school would be asked immediately to remove it. A student who refused to take off his or her
    armband would be suspended until agreeing to return to school without the band.
   Two days later and aware of the school policy, the Tinker children and a friend decided to
    wear armbands to school. Upon arriving at school, the children were asked to remove their
    armbands. They did not remove the armbands and were subsequently suspended until they
    returned to school without their armbands.
   The children returned to school without armbands after January 1, 1966, the date scheduled
    for the end of their protest. However, their fathers filed suit in U.S. District Court. This suit
    asked the court for a small amount of money for damages and an injunction to restrain school
    officials from enforcing their armband policy. Although the District Court recognized the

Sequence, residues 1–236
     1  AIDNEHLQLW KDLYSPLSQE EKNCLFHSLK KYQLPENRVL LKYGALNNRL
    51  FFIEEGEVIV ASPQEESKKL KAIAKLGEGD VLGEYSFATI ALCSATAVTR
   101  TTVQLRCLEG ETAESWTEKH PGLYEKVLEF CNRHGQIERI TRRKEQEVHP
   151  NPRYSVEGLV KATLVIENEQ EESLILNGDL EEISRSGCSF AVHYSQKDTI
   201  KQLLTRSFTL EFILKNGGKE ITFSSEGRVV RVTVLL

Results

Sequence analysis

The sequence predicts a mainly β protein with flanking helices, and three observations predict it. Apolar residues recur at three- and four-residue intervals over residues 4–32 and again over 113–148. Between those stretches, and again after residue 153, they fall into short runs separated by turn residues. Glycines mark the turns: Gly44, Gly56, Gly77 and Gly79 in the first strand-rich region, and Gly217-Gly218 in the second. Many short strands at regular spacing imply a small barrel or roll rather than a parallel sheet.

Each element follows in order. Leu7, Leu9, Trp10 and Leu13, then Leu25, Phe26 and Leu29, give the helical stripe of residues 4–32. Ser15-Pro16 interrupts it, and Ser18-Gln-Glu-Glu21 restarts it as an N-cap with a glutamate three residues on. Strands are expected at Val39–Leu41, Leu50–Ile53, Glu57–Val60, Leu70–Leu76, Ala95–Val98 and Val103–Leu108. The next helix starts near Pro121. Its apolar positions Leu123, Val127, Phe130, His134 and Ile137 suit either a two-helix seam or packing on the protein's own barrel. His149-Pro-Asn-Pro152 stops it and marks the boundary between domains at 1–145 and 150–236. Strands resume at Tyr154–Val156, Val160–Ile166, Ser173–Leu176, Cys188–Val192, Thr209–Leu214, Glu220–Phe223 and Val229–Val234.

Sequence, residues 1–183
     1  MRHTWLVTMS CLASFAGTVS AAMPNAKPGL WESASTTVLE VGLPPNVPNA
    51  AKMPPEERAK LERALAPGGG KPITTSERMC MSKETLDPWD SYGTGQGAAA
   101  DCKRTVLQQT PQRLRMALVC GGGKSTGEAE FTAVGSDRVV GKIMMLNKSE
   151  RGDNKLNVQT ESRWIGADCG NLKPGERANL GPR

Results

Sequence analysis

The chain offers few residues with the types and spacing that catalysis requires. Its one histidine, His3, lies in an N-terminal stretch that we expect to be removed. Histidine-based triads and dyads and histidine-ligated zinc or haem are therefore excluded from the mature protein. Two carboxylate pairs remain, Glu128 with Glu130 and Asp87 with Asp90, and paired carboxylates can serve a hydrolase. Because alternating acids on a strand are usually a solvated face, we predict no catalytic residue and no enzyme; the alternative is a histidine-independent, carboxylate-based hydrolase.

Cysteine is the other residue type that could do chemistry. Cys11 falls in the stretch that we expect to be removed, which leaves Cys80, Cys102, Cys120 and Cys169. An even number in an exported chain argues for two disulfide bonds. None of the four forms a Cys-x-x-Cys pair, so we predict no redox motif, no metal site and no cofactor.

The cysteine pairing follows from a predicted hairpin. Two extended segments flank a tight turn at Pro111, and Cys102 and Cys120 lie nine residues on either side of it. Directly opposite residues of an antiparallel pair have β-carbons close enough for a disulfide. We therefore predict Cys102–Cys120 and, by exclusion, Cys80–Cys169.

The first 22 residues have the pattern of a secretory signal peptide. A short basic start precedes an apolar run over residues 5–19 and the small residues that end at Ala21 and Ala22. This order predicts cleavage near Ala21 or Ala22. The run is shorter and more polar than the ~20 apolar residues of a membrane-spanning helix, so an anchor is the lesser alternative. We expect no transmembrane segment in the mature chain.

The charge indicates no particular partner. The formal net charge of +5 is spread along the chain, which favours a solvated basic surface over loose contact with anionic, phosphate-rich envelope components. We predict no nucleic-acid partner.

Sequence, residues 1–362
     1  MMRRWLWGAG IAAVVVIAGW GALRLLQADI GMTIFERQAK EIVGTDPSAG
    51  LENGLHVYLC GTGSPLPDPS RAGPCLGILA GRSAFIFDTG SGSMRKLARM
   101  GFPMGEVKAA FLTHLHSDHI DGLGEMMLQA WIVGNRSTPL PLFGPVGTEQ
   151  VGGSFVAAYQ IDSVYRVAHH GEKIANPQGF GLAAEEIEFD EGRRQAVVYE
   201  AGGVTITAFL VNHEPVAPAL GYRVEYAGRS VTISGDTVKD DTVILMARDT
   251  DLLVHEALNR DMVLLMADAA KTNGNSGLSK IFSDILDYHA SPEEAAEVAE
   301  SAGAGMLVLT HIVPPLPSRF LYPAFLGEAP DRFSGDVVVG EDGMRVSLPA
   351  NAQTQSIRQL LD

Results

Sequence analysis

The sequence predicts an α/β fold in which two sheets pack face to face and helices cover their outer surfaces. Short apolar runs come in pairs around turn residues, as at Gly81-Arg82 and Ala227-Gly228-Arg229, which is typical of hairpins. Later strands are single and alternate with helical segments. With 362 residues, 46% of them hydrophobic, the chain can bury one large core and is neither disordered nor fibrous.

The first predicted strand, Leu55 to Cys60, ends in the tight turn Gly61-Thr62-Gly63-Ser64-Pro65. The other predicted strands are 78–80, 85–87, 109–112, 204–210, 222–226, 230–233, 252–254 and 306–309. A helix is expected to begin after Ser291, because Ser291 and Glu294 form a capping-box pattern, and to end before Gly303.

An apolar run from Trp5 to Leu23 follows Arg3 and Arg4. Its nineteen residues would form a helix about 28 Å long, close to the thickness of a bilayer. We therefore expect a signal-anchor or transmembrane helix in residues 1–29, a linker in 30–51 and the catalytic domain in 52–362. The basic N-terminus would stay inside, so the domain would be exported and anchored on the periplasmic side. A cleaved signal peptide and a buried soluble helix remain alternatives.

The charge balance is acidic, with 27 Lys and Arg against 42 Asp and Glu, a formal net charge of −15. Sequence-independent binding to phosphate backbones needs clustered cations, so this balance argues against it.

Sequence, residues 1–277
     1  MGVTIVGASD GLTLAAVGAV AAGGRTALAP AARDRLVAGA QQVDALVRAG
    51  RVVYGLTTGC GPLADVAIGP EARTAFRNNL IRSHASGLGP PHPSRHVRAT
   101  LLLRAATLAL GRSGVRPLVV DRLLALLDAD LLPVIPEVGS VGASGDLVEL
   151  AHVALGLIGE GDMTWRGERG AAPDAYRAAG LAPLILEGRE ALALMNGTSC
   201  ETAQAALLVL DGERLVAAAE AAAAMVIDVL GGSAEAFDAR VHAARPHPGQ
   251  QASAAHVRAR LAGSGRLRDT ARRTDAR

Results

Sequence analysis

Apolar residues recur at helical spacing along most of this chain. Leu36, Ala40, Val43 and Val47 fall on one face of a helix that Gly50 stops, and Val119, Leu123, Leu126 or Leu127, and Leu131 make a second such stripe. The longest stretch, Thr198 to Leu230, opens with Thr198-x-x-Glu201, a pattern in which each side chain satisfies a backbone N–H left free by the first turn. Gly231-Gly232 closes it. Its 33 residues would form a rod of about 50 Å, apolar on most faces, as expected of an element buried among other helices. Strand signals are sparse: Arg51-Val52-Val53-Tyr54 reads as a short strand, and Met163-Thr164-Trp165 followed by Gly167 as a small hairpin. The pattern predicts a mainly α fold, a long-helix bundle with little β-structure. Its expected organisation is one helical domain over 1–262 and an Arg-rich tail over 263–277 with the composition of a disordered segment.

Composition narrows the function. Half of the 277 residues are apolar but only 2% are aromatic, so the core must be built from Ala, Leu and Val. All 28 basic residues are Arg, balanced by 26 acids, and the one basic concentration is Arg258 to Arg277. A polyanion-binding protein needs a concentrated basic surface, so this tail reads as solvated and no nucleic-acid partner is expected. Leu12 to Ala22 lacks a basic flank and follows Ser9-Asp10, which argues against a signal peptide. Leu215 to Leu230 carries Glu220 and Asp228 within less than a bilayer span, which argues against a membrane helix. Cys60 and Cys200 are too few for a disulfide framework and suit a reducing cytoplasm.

children's First Amendment right to free speech, the court refused to issue an injunction,
    claiming that the school officials' actions were reasonable in light of potential disruptions
    from the students' protest. The Tinkers appealed their case to the U.S. Court of Appeals but
    were disappointed when a tie vote in that court allowed the District Court's ruling stand. As a
    result they decided to appeal the case to the Supreme Court of the United States
    Tinker v. Des Moines Decision
   Supreme Court of the United States (1969)
       Ruled in favor of the students, declaring that the
        armband protest was protected by the First
        Amendment right of free speech
                  Roe v. Wade (1973)